Shooting with roll film changes that.  There are known reasons some why people shoot with film. They like the look and tonal quality of the finished print. In addition to that the main reason I wanted to shoot film is because I wanted shoot with my Mamiya RZ67. I wanted to slow down the process. I love the bellows focusing option the camera has to offer. It allows me to get up close and shoot with a narrow depth of field while still able to look through the viewfinder while shooting. The large 6 by 7 centimeter image area also promotes a shallower depth of field. It has taken years of experience to be able to follow focus on a subject while keeping a narrow depth of field. I always want my subject to feel relaxed during the session and not feel incumbent by the limitations of the camera. With ten exposures per roll to work with and a more fluid shooting relationship this camera combination has served me well through the years.

Making a Connection

There is another thing that happens while shooting with film. The connection between the photographer and subject is much more private. There is no tethered monitor off to the side with a gathering of people reviewing every exposure. That private connection between the photographer and subject builds a unique trust. A collaborative relationship can now build between the two. That energy stays on the set with only the camera being witness. The photographer has to know in his heart when he has the shot. The clients have to trust the process.   This process worked very well until the advent of the digital village. All of a sudden everyone has a say in the final image. That is because the captured images are now there for everyone to view on the monitor. The energy has been displaced to another area. For this shoot it was important to reel in that energy between the subject and photographer. It was elemental in getting that connection with the eyes in the photograph.

There is another thing that happens while shooting with film. The connection between the photographer and subject is much more private. There is no tethered monitor off to the side with a gathering of people reviewing every exposure. That private connection between the photographer and subject builds a unique trust. A collaborative relationship can now build between the two. That energy stays on the set with only the camera being witness. The photographer has to know in his heart when he has the shot. The clients have to trust the process.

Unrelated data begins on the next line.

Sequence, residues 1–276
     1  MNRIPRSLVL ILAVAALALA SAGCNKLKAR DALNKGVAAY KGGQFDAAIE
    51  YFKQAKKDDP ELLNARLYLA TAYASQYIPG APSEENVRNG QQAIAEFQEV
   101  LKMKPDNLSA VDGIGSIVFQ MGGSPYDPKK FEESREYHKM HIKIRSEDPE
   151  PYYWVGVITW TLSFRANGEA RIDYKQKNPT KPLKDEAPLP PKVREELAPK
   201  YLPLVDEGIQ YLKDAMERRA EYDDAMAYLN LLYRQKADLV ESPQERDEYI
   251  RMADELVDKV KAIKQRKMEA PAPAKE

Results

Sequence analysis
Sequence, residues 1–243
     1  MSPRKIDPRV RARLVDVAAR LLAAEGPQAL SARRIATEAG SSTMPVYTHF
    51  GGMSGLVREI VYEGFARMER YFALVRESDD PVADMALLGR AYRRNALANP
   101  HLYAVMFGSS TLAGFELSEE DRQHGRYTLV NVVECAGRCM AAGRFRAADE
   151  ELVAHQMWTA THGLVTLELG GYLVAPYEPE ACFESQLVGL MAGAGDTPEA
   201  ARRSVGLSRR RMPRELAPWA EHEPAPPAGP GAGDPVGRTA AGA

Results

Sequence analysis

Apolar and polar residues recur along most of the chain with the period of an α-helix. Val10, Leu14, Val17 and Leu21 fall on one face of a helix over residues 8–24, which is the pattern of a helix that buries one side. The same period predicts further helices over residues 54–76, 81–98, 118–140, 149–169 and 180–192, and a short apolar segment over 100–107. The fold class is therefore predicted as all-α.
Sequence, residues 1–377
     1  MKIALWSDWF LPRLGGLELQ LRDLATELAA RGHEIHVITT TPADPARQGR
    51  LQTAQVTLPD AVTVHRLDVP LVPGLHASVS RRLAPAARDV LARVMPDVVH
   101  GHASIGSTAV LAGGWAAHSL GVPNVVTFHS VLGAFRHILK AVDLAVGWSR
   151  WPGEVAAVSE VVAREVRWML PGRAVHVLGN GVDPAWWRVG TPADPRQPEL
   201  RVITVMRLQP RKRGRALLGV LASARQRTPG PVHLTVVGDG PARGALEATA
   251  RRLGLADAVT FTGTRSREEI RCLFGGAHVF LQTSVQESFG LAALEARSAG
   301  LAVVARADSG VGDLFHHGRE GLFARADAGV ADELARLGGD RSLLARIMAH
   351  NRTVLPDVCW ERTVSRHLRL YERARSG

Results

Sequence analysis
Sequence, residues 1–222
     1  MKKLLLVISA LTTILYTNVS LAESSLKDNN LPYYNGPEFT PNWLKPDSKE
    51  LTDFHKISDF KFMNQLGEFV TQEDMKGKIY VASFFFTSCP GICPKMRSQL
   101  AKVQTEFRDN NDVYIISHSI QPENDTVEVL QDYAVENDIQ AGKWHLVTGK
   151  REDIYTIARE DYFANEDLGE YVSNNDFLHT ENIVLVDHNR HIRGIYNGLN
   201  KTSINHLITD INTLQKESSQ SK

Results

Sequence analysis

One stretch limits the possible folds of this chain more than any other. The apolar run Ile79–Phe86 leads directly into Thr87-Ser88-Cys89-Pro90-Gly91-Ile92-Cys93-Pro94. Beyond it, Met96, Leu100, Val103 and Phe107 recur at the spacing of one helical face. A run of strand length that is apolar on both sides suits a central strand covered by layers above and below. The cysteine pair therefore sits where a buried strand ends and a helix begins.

This process worked very well until the advent of the digital village. All of a sudden everyone has a say in the final image. That is because the captured images are now there for everyone to view on the monitor. The energy has been displaced to another area. For this shoot it was important to reel in that energy between the subject and photographer. It was elemental in getting that connection with the eyes in the photograph.

During this shoot the senior creative director sat right beside me during the portrait sessions. I could hear his expressions of confirmation simultaneously as I thought the same during a winsome capture. There was behind the scene video that captures the two of us almost connected by an invisible force, as we both would respond at the same moment to a winning expression. We both knew we had it and that’s all that mattered.

During this shoot the senior creative director sat right beside me during the portrait sessions. I could hear his expressions of confirmation simultaneously as I thought the same during a winsome capture. There was behind the scene video that captures the two of us almost connected by an invisible force, as we both would respond at the same moment to a winning expression. We both knew we had it and that’s all that mattered.

Working within known Boundaries

Another interesting occurrence while shooting with roll film is the limitation of ten exposures per roll of film. When you came to the end of a roll you had to pause and change film backs. This little break in the action was the silence in the shoot. This silence gave everyone a chance to reflect and think or discover. When shooting digitally a photographer can shoot nonstop. It creates a different type of energy on a shoot. For this shoot, those pauses and silence were perfect. It kept the pace at a more personal and somewhat reflective tempo.

Another interesting occurrence while shooting with roll film is the limitation of ten exposures per roll of film. When you came to the end of a roll you had to pause and change film backs. This little break in the action was the silence in the shoot. This silence gave everyone a chance to reflect and think or discover. When shooting digitally a photographer can shoot nonstop. It creates a different type of energy on a shoot. For this shoot, those pauses and silence were perfect. It kept the pace at a more personal and somewhat reflective tempo.